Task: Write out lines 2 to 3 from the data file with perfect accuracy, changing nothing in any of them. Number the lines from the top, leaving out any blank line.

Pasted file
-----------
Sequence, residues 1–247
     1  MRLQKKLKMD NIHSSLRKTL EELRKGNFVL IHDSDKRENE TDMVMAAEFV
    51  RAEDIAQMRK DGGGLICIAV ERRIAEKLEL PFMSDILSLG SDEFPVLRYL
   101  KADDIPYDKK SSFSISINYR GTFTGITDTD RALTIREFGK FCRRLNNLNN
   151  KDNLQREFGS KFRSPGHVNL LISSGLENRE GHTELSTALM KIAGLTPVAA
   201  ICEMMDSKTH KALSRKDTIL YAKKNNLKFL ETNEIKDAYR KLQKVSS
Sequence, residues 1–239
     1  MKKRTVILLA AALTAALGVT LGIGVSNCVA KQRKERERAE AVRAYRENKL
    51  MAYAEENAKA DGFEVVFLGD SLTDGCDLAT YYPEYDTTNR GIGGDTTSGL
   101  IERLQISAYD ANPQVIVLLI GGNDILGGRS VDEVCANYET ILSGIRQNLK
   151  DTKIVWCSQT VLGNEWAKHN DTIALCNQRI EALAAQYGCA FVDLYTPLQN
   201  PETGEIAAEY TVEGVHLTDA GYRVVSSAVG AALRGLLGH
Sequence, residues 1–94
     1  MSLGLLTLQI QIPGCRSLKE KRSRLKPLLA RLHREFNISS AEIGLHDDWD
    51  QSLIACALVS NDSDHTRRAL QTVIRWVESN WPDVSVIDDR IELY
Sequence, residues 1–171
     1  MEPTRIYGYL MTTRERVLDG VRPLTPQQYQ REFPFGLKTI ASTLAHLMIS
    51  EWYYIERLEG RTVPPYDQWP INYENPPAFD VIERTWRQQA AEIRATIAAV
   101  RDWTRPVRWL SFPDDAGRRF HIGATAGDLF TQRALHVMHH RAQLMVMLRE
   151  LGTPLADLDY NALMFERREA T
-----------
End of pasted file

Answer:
     1  MRLQKKLKMD NIHSSLRKTL EELRKGNFVL IHDSDKRENE TDMVMAAEFV
    51  RAEDIAQMRK DGGGLICIAV ERRIAEKLEL PFMSDILSLG SDEFPVLRYL